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The Demon-Haunted World Chapter Summary & Analysis - Chapter 23 Summary

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Chapter 23 Summary and Analysis

As a challenge to the American stereotype of the scientist as a nerd with pocket protector, glasses and no social skills, Sagan offers the story of the Scottish physicist James Clerk Maxwell. He is credited with working out the physics that made radio and television possible. In 1833, at the age of two, Maxwell discovered he could focus the image of the sun from a tin plate on surrounding furniture, and demanded an explanation of the adults in his household. In 1872, during his inaugural address as professor of experimental physics at Cambridge University, Maxwell referred to an already-existing stereotype of the scientist as some sort of misanthrope more interested in formulas and people.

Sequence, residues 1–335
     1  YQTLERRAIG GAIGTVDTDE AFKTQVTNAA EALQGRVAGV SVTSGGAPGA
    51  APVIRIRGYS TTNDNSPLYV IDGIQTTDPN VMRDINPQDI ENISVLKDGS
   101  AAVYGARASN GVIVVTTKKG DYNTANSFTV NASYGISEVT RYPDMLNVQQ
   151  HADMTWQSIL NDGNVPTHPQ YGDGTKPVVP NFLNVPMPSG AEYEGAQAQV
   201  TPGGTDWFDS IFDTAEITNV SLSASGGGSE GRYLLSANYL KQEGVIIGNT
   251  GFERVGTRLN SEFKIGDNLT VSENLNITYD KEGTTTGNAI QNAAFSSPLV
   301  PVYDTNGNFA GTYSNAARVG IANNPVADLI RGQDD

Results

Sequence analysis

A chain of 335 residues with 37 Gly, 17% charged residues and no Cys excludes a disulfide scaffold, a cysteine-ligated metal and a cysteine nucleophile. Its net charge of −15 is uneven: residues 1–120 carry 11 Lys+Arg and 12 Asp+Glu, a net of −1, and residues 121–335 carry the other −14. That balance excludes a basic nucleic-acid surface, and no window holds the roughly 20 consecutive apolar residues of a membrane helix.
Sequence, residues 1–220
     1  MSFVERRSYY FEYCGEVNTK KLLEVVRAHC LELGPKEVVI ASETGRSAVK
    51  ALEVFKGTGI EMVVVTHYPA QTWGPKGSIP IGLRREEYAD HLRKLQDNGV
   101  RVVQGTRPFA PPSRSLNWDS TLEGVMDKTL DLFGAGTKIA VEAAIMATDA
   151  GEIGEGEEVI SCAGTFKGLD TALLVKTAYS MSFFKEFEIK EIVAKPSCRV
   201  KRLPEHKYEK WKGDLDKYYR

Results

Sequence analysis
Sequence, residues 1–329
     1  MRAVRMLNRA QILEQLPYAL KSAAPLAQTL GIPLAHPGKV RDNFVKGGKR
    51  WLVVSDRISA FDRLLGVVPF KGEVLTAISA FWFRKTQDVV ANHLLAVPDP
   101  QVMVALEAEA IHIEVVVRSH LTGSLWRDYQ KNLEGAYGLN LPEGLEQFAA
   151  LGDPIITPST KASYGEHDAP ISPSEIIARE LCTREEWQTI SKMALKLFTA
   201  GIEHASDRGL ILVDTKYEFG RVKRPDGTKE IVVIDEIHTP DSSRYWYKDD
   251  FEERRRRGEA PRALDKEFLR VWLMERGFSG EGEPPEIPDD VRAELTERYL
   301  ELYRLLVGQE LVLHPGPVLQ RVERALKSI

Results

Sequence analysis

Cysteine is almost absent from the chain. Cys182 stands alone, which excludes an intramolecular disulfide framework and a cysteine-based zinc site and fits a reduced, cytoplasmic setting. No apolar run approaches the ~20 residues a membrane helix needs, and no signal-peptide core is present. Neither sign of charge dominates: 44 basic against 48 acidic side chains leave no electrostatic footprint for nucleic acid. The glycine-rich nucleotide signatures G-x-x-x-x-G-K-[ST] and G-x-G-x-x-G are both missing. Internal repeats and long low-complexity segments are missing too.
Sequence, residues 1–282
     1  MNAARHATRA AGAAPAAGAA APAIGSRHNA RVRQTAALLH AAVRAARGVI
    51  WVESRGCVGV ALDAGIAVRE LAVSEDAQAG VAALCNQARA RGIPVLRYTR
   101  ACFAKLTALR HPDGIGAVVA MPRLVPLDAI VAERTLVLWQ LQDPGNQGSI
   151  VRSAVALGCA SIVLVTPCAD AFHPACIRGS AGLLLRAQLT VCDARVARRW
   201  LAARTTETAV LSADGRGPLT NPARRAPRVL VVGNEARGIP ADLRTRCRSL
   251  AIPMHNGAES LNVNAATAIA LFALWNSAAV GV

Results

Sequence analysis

Maxwell, a handsome and gregarious youth, demonstrated that a huge number of molecules in collision with each other behave according to exact statistical laws. He stated that the rings of Saturn are made...

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This section contains 408 words
(approx. 2 pages at 300 words per page)
Purchase our The Demon-Haunted World Study Guide
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The Demon-Haunted World from BookRags and Gale's For Students Series. ©2005-2006 Thomson Gale, a part of the Thomson Corporation. All rights reserved.
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